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Discuss Do i need to drain entire system? in the Central Heating Forum area at

  1. Gary jackson

    Gary jackson New Member

    Hey guys...the plumber i had booked to change a radiator and valves has gone awol....its in my childs bedroom where its too cold to leave it any longer forcing me to do it myself ..the heating is run off a worcester 35cdi question is do i need to drain the whole system first or is there an easier way?..tks for your help
  2. Last Plumber

    Last Plumber Plumber GSR

    It depends how good at Plumbing you are. It's a short job for a Plumber. If you're a DIY person with little Plumbing experience, I recommend you drain down at least to below the rad in question.
    • Agree Agree x 1
  3. Gary jackson

    Gary jackson New Member

    Thanks...the rad is on middle floor of need to drain off quite bit then
  4. moonlight

    moonlight Plumber GSR

    You could lock off all the radiators above and the floor you are on and just drain the pipework, and the radiator you are working on.
    • Like Like x 2
  5. jtsplumbing

    jtsplumbing Plumber GSR

    good opportunity to clean system, put a cleaner in system first run it for a couple of days, drain system, do radiator, refill adding new inhibitor to system
    • Agree Agree x 1
  6. SimonG

    SimonG Trusted Plumber Top Contributor!!

    I wouldn't drain.
  7. Vee

    Vee Plumber GSR

    I wouldn't drain either.
  8. Gary jackson

    Gary jackson New Member

    Whats best way without having to drain? Tia
  9. sammathias

    sammathias Plumber GSR

    best way for me personally:
    1. turn off both rad valves
    2. vent rad into small tub or onto cloth(this should stop showing that both valves have shut off completely) turn vent back off.
    3. Rag/blue roll under radvalve, have a rolled up pipe of blue roll ready to plug end of rad once you disconnect radvalve from rad with two spanners making sure the valve is held firm.
    4. repeat on other valve so you can then lift rad off which will still be full of water
    5. attatch hosepipe to radvalve and drain off excess pressure into a bucket (only 4/5 litres of water allowing you to change valve.
    6. same other side making sure the valves are turnt off when installing.
    7. hand rad to correct height allowing for connection to rad valves.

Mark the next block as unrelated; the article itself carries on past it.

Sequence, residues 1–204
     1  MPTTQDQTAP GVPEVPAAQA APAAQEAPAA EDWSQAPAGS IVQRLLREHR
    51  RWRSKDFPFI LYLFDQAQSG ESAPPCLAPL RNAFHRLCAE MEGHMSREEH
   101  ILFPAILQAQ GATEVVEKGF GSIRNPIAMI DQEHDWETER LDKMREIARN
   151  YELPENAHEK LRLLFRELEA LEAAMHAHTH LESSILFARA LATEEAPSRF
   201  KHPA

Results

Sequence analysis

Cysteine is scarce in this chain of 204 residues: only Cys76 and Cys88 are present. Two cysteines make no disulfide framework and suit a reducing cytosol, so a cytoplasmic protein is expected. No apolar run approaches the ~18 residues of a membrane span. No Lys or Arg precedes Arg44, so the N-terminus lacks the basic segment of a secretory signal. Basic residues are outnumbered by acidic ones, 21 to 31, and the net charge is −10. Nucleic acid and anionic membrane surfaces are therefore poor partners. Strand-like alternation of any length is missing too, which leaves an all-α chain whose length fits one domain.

8. top pressure on boiler back up
    9. vent rad and top boiler back up again 1.5bar cold.
    check for leaks.

    That makes sense to me...honest!!!
  10. Gary jackson

    Gary jackson New Member

    Great you think draining off about 5 ltrs from each valve should be enough to change to new valves? I suppose I just hose off enough until there is virtually nothing coming through?
  11. SimonG

    SimonG Trusted Plumber Top Contributor!!

    Unless there's automatic air vents open.
  12. SavageW

    SavageW Plumber GSR

    To change the rad an valves withought draining the system,you’ve got to have an amount of plumbing knowledge I would say,sammathias has given you a step by step guide.I’d personally want to check charge of expansion vesse once I’d dumped the pressure on the system before I repressurised .Like SimonG said if you have open AAv’s on your system it’s then a difficult task unless your quick.Not another local guy you could ask to do the job?
  13. Gary jackson

    Gary jackson New Member

    Thanks for all the advice guys...i have tried other local guys but with no luck....i have seen a vid where the guy freezes the pipes below the ras valves so not having to drain the system....i can get one of the freezing kits if need be....what do you think about this method?
  14. sammathias

    sammathias Plumber GSR

    Yeah I personally wouldn't suggest you trying to do it full of water. I dont know what valves you are replacing with what valves. You may need to cut olives off to replace nuts! Usually about 5/10 litres from a combi and the water should stop completely... Unless a rad has started to drain.
  15. fixitflav

    fixitflav Active Member

    It depends on several things. Presumably you want to change to a bigger rad to provide more heat. If this is longer there's more to it than changing the rad. If it's a modern tall narrow one the length between the connections could be the same as the old one, but likely to need different support brackets on the wall.
    If changing from a single to a double you might be OK, but I'd check that the distance from the wall to the c/l of the connections is the same. I'd like to think rad makers design them that way, but not sure. Maybe somebody will confirm.
    What makes you think the valves need changing?
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